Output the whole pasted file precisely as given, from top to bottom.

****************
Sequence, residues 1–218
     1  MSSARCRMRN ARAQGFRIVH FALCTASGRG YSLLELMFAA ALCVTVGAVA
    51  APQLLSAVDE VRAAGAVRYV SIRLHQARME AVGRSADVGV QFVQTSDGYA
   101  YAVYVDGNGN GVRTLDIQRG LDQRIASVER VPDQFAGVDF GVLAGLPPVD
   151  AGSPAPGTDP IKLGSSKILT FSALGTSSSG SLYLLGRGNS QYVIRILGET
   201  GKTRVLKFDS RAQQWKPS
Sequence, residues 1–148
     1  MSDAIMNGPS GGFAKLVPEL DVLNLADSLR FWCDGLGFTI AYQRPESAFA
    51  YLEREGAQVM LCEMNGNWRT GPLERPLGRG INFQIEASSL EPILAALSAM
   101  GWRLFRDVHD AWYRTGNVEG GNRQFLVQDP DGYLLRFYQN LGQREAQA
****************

Sequence, residues 1–218
     1  MSSARCRMRN ARAQGFRIVH FALCTASGRG YSLLELMFAA ALCVTVGAVA
    51  APQLLSAVDE VRAAGAVRYV SIRLHQARME AVGRSADVGV QFVQTSDGYA
   101  YAVYVDGNGN GVRTLDIQRG LDQRIASVER VPDQFAGVDF GVLAGLPPVD
   151  AGSPAPGTDP IKLGSSKILT FSALGTSSSG SLYLLGRGNS QYVIRILGET
   201  GKTRVLKFDS RAQQWKPS
Sequence, residues 1–148
     1  MSDAIMNGPS GGFAKLVPEL DVLNLADSLR FWCDGLGFTI AYQRPESAFA
    51  YLEREGAQVM LCEMNGNWRT GPLERPLGRG INFQIEASSL EPILAALSAM
   101  GWRLFRDVHD AWYRTGNVEG GNRQFLVQDP DGYLLRFYQN LGQREAQA